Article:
Sunday, December 31, 2017

Courting Disaster: An Angie Amalfi Mystery by Joanne Pence

Courting Disaster: An Angie Amalfi Mystery by Joanne Pence stays true to the cozy mystery format giving Angie a mystery to solve while obsessing and stressing over the details of the engagement party her mother is planning without Angie's input. Her fear over the party not being perfect leads her to try to find out what's happening with the party creating as much a mystery for the reader as the connection between the murder that takes place, the mother and baby who find their way into her neighbor's, and therefore her, life, and the criminal behavior they uncover putting them all in danger. Courting Disaster mixes humor, food, mystery, and a set of unfortunate circumstances to keep the reader intrigued.

Red Cape Capers: Playful Backyard Meditations by Linda Varsell Smith

Red Cape Capers: Playful Backyard Meditations by Linda Varsell Smith is filled with thoughts on meditating and the struggle it can be to meditate. Varsell's poetry paints a picture of her backyard, her mother's red cape, and her attempts to meditate that draw the reader right into the experiences she shares as well as her ruminations on life and life events. Red Cape Capers is vivid and enchanting at times while thought-provoking and uncomfortable at others. 

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Saturday, December 30, 2017

52 Lists for Happiness: Weekly Journaling for Positivity Balance, and Joy by Moorea Seal

I ordered 52 Lists for Happiness: Weekly Journaling Inspiration for Positivity Balance and Joy by Moorea Seal because I enjoyed her The 52 Lists Project: A Year of Weekly Journaling Inspiration. I wanted to keep exploring this idea of a weekly guided journal. 52 Lists for Happiness took on a different tenor for me though. I opted to do the lists every Sunday because I felt it would be a good way to start off the week. I had some struggles this year that sometimes made the lists hard to write and other times the lists cheered me up. Focusing on simple moments of happiness gave me an opportunity to remember the good in my life no matter what happened in the world around me.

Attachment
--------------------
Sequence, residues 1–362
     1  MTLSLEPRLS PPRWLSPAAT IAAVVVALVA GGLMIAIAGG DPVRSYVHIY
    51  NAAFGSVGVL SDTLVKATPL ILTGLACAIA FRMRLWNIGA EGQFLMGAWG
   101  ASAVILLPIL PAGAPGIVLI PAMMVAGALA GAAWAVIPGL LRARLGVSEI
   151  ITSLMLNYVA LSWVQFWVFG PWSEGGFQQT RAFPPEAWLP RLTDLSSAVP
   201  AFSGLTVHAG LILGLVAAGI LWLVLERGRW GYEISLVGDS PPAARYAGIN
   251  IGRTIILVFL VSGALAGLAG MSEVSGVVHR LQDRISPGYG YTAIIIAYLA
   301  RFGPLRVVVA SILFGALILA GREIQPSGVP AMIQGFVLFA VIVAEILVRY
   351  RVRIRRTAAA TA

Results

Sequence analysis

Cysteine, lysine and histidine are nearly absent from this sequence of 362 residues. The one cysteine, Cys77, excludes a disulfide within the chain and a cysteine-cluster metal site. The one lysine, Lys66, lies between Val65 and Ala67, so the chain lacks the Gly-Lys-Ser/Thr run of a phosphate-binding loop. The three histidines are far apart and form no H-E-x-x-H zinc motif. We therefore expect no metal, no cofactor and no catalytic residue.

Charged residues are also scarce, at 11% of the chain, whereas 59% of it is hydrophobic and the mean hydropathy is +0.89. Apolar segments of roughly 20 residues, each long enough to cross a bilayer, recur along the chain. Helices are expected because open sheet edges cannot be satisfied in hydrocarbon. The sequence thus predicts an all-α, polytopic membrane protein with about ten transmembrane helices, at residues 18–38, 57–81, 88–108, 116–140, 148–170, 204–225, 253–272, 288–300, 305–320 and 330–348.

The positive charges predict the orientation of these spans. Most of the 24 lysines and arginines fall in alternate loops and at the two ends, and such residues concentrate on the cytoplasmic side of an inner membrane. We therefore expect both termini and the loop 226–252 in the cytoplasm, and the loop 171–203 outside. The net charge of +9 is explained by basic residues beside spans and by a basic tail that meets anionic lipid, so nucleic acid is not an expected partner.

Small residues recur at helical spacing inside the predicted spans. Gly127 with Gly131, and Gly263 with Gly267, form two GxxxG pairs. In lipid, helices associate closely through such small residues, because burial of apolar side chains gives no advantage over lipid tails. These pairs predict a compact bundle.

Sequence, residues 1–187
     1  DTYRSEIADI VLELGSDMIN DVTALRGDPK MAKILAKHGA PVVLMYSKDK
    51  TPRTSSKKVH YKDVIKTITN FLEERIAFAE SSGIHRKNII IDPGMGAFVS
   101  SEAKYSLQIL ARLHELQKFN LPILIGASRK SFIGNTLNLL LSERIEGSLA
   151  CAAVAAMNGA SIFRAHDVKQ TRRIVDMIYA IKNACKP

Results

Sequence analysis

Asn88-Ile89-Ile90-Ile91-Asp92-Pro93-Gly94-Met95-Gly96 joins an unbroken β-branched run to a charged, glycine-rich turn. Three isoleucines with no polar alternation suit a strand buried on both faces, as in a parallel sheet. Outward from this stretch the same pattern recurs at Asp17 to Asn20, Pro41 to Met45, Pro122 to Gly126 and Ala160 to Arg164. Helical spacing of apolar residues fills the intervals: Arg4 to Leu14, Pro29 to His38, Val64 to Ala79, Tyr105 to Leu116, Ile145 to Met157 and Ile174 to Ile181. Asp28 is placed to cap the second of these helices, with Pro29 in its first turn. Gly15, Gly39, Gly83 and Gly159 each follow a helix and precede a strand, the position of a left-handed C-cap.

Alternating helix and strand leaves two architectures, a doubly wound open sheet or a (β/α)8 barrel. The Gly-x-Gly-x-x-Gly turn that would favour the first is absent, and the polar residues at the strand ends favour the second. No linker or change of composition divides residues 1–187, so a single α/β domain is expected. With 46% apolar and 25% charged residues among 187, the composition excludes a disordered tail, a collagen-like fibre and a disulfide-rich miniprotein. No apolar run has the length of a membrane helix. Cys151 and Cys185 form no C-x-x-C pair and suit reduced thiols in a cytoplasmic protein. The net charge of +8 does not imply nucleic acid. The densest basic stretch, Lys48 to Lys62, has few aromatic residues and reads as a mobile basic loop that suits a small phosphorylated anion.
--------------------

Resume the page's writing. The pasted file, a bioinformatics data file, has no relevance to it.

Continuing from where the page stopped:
Friday, December 29, 2017

Native Son by Richard Wright

Native Son by Richard Wright pulled me in and refused to let go. I started reading thinking this would be just another novel, just another story, but I soon found myself questioning my reactions, my attitude, and my beliefs. I found it oddly relevant to today's world in a way that made me sad. I had to remind myself multiple times that the book was originally published in 1940. Wright dropped me into Bigger Thomas's heart and mind even when I didn't want to be. Bigger's fear permeated the pages and wafted up from the words. His rage ran as an undercurrent throughout the book. The intensity with with Wright tells the story is at times uncomfortable but still engaging and intriguing. Native Son does little to elicit sympathy or even compassion from the reader though it does push the reader to examine the norms of society and the justice system when the book was written as well as those of the present.

Tuesday, December 26, 2017

Remarkable Oregon Women: Revolutionaries & Visionaries by Jennifer Chambers

Remarkable Oregon Women: Revolutionaries & Visionaries by Jennifer Chambers offers a snapshot into the history of the role of women in Oregon's history. Chambers provides enough information about each woman mentioned to spark an interest in learning more even providing sources for further reading. Remarkable Oregon Women is an interesting book that reminds the reader that women have always played an important role in the progress of society even when they've been stymied or their efforts have been hidden by history.

Saturday, December 23, 2017

Common Courage: Bill Wassmuth, Human Rights, and Small-Town Activism by Andrea Vogt

Common Courage: Bill Wassmuth, Human Rights and Small Town Activism by Andrea Vogt traces the life of Bill Wassmuth through his journey to fight neo-Nazis in the Pacific Northwest, mostly focusing on his time in Idaho. Vogt talks about his efforts to bring awareness through his time in the priesthood and out of it. Common Courage details the power of unity to exact change toward acceptance and diversity in small towns and large towns as well. Vogt tells Wassmuth's life story which often lead him to seek justice for those unable to seek it for themselves. Vogt shares the wisdom Wassmuth shared with her over multiple interviews. Common Courage details Wassmuth's motivation to fight for social justice even at times when the fight seemed to be at odds with the teachings and norms that guided his religious beliefs. Common Courage is an interesting and easy to read book that is as relevant today as it was when it was published.

Thursday, December 21, 2017

The Christmas Jar by M. L. Roberts

The Christmas Jar by M. L. Roberts is a short story that essentially tells a story many of us have heard in other iterations. It's a sweet telling of understanding priorities and living a life based on those priorities. Roberts tells the story in an endearing, easy to grasp, loving way. The Christmas Jar will have many nodding along but smiling in the process with its story of family, priorities, love, and loss.

Note: I couldn't find this for purchase anywhere online to link to...